In a religious sense, this Guthi performs the worshipping of 47 ‘Dyah Pyakha’ literally meaning dances of various Hindu gods and goddesses. In a service-oriented sense, it incorporates ‘Si Guthi’ which is concerned with the death rituals along with other forms of communal services. The main purpose of the establishment of ‘Sana Guthi’ is to follow funeral rituals properly. But, it also performs socio-religious services like cleaning the communal areas, maintenance of religious sites, installation of idols of various gods and goddesses, maintenance of irrigation canals and roads etc. In some cases, the financial cooperatives are also found to have incorporated in ‘Sana Guthi’ with the motive of providing financial assistance to its members.

 It also conducts regular feasts for the guthiyaars (trustees) on a periodic basis which helps them gather and review the issues regarding the Guthi operation. Whatever the motive or how Guthi system is classified based on these instances, the most important aspect of this system is to maintain social unity, harmony and order in the society.

Guthi as a system of land tenure arrangement

Photo: Pixabay

The Marxist political-ideological framework does not view the Guthi system as a collectivistic institution formed for solidarity.  It views the system merely as a system of the land endowment created by the feudal state in order to sustain their political interest under the banner of religion and collectivism. It keeps land at the centre of analysis and thus regards Guthi as an exploitative system of land tenure arrangement.

In the Guthi system, the state or religious authorities are given governing roles whereas farmers work as tenants. The High-level Land Reform Commission Report (2008) drafted under the leadership of Haribol Gajurel on behalf of the then communist government wrote, “In the Guthi system, religion serves as an only basis for the exploitation of tenants by the feudal state. It was the policy of the feudal state in which feudal lords get nurtured at the cost of land-poor tenants in the name of preserving a single religion. Abolishing this system means to eradicate feudalism. The essence of Guthi system is based on the feudalistic production relation.”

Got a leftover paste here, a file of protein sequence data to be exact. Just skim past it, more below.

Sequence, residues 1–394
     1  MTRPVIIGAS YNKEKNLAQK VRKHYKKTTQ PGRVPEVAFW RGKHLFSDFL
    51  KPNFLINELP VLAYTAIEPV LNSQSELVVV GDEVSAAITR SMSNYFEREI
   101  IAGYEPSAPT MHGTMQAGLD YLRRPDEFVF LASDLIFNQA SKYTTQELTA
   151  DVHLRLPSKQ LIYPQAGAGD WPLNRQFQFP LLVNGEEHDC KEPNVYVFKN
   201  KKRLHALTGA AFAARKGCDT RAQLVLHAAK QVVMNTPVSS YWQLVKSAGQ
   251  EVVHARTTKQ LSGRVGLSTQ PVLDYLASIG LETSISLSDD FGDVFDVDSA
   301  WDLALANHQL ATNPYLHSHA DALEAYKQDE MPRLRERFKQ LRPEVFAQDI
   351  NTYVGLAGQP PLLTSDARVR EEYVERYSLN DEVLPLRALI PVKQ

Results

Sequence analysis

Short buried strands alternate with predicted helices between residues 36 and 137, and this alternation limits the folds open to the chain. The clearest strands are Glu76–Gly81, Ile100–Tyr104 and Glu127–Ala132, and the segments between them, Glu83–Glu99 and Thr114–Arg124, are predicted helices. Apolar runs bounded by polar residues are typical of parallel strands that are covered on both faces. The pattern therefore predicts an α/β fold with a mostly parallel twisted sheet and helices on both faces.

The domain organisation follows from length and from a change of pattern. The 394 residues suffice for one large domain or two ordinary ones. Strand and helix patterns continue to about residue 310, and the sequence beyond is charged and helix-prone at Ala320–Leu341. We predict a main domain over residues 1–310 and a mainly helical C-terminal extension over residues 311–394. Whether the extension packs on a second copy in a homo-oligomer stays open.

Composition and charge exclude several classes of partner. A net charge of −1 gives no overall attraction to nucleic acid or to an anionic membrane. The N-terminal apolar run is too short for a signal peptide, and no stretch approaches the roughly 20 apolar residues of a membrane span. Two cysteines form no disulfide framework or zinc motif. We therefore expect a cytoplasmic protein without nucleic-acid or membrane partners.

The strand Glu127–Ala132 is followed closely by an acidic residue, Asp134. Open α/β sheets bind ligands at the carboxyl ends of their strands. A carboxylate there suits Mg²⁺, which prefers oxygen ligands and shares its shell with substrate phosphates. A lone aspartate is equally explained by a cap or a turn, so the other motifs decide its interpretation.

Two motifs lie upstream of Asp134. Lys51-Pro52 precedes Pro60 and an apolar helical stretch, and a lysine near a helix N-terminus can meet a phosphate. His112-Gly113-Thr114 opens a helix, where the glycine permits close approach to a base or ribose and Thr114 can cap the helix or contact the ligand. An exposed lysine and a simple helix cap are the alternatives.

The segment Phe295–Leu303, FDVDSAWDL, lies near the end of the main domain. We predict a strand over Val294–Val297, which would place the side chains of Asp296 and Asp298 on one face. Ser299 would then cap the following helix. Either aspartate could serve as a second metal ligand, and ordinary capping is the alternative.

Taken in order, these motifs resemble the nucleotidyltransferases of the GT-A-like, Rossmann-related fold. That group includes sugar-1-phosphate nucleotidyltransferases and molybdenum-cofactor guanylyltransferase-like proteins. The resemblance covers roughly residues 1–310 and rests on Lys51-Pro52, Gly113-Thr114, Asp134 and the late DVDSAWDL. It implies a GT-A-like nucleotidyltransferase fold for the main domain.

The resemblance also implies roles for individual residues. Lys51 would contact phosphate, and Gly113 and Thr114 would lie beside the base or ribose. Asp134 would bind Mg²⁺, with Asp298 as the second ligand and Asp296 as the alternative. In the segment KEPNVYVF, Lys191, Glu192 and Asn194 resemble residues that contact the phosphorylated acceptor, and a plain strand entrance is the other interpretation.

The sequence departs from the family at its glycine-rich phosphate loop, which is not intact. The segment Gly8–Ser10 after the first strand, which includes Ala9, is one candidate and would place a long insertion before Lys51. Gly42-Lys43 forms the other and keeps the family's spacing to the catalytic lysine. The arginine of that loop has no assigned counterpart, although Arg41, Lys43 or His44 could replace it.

Guthi actually is a form of land endowment made for religious or philanthropic purposes. Today, it exists as institutional landlordism holding an arbitrary power by the priests over the tenants. Having no sort of legal rights over the land they have been tilling for years, tenants are those who are actually suffering from this injustice. As representative instances, some of the Guthis seem reflecting such forms of exploitation still exist in Phatakshila village of Sindhupalchok district, namely: Phatkeshwor Mahadev Guthi, Bhimsen Guthi, Rananaineshwor Guthi, Pashupati Mahashnan Guthi, Taruke Ghyang Guthi and so on. According to scholar Jhalak Subedi’s his book Bhumi, Kisan ra Rajya, “There are 148 kinds of Guthi land exclusively in Sindhupalchok district which occupy about 153,840 ropanis in area. The number of households tilling this Guthi land is about 11,152. Only a few of tenants have been able to obtain the tenancy rights certificate. However, more others are still not being able to do so.’’

Tenants are being compelled to bond themselves to the domination of these Guthis for several generations. The portion of the harvests they obtain after paying off the rent to the respective Guthi does not suffice their subsistence. Not having an independent legal entitlement over the land they are tilling in has posed challenges in so many socio-economic and legal issues.

Conclusion and way forward